Does faster powder = less Recoil?


PDA






bluetopper
January 28, 2008, 03:23 PM
From reading these forums for a while and reading between the lines it seems people think faster powder in handgun loads provides less recoil. Is this true?

If it is true, is it because the powder is already burnt up by the time the bullet exits the barrel and does not have as much "blast"?

If you enjoyed reading about "Does faster powder = less Recoil?" here in TheHighRoad.org archive, you'll LOVE our community. Come join TheHighRoad.org today for the full version!
mrkubota
January 28, 2008, 03:34 PM
Burning the solid doesn't lessen it's mass. It's simply converted to a gas that still weighs the same...
There may be less recoil because you shouldn't use as much energetic 'fast' powder in the gun as you would a 'slow' powder, so overall there is less mass/energy to deal with from the outset. (presuming all other components/conditions are the same otherwise...)

K3
January 28, 2008, 04:02 PM
Main variables to recoil:

bullet weight
rifle weight
muzzle velocity
powder weight

Just above the table is a formula.

http://www.chuckhawks.com/recoil_table.htm

Steve C
January 28, 2008, 04:11 PM
Simple mater of physics.

Faster powder generally produces less recoil because they build pressure faster than slower powder and produce lower velocity rounds than slower powder with the same bullet. Since recoil is momentum or mass X velocity the lower the velocity the lower the recoil. The other factor is that since less mass of fast powder is used compared to a slower powder, the recoil attributed to the powder which is expelled from the gun as combustion by products is less for the fast powder. (FYI - all combustion products exit the muzzle at the same velocity regardless of the speed of the powder.)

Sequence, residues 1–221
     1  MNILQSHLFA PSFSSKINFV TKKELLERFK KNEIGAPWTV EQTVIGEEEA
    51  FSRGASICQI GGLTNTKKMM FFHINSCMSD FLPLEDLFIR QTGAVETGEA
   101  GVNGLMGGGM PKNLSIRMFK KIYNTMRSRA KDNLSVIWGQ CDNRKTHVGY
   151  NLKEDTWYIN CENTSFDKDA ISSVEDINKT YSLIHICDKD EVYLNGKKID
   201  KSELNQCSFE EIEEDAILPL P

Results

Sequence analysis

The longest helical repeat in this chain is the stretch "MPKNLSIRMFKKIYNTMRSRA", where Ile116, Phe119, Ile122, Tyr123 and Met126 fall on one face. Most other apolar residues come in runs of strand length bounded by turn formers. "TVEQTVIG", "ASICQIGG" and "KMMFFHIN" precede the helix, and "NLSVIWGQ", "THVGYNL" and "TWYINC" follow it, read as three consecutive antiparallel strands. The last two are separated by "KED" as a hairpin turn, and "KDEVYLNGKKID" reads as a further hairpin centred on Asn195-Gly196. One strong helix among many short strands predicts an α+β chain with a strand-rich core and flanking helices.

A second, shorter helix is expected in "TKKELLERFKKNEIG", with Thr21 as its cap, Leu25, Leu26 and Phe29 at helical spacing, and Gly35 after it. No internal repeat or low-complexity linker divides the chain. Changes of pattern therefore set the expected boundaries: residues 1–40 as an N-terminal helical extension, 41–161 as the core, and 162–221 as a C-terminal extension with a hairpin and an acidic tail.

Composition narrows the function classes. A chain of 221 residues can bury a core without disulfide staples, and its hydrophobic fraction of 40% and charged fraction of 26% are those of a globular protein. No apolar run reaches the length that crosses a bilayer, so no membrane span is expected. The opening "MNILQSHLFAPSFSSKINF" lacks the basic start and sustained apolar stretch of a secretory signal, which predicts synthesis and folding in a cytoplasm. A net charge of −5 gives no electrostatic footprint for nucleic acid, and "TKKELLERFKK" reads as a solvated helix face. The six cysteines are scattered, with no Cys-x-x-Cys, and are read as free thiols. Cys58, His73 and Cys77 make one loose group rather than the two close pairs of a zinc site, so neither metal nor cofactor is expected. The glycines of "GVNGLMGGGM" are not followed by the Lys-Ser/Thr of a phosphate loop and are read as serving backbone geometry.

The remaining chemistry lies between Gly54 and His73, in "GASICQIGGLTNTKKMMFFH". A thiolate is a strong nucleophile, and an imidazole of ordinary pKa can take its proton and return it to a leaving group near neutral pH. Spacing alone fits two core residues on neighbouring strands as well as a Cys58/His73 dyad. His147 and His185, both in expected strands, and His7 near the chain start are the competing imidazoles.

Walkalong
January 28, 2008, 04:11 PM
Yes it can, but doesn't always, simply because we are burning less powder. Sometimes it can get "snappy" or "torquey" with the faster powder depending on how hard we are trying to push a bullet and how heavy it is.

It can also reduce muzzle flip by having less "energy" blasting out of the barrel since it is closer to being burned up than the larger charge of slower burning powder, hence less energy pushing back at the muzzle.

Hope that made sense.

Also, fast powders can get touchy at the top end, so be more carefull working up the load.

strat81
January 28, 2008, 04:12 PM
http://forum.m1911.org/showthread.php?t=42041
Interesting reading on powder and recoil.

Walkalong
January 28, 2008, 04:17 PM
Good read strat81

I borrowed this from that post by 1911Tuner:
So...To summarize...The faster powder used to provide a given velocity with a given bullet...the sharper the recoil forces will be on the breechface, even at equal pressure...than a slower powder loaded to higher volume.
That was was my point about getting "snappy" with fast powders, especially if we try to push it too hard. Tuner used "sharp". Sharp is good. I like sharp. It better describes it.

jmorris
January 28, 2008, 04:22 PM
As a general rule a faster powder and heavy bullet reduce "felt" recoil in semiautomatics.

zxcvbob
January 28, 2008, 04:31 PM
Red Dot gets downright unpleasant in big bore handguns once you get to "magnum" levels. Switch to a slower powder like Unique or Herco and you can get to significantly higher energy levels before the recoil becomes a problem.

My favorite .45 Colt load is Red Dot loaded *almost* to that point.

Roccobro
January 28, 2008, 05:18 PM
"felt" and "perceived" recoil are different than scientific actual recoil. The forces are the same as some have said here, but there is a reduction in "felt" recoil when you find the right powder/gun/bullet combo.

Justin

If you enjoyed reading about "Does faster powder = less Recoil?" here in TheHighRoad.org archive, you'll LOVE our community. Come join TheHighRoad.org today for the full version!